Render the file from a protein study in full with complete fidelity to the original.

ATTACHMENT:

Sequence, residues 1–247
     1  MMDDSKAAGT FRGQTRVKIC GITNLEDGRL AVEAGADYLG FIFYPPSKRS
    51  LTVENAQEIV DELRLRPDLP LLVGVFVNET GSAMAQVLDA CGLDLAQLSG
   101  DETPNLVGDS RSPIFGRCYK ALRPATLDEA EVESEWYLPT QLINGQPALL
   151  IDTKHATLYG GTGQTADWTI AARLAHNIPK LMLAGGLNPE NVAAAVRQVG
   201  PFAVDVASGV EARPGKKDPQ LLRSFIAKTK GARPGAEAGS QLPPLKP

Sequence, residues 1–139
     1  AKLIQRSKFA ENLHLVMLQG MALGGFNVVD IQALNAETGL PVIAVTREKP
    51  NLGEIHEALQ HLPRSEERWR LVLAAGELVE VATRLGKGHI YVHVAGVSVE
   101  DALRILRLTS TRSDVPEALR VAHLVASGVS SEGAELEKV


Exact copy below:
Sequence, residues 1–247
     1  MMDDSKAAGT FRGQTRVKIC GITNLEDGRL AVEAGADYLG FIFYPPSKRS
    51  LTVENAQEIV DELRLRPDLP LLVGVFVNET GSAMAQVLDA CGLDLAQLSG
   101  DETPNLVGDS RSPIFGRCYK ALRPATLDEA EVESEWYLPT QLINGQPALL
   151  IDTKHATLYG GTGQTADWTI AARLAHNIPK LMLAGGLNPE NVAAAVRQVG
   201  PFAVDVASGV EARPGKKDPQ LLRSFIAKTK GARPGAEAGS QLPPLKP

Sequence, residues 1–139
     1  AKLIQRSKFA ENLHLVMLQG MALGGFNVVD IQALNAETGL PVIAVTREKP
    51  NLGEIHEALQ HLPRSEERWR LVLAAGELVE VATRLGKGHI YVHVAGVSVE
   101  DALRILRLTS TRSDVPEALR VAHLVASGVS SEGAELEKV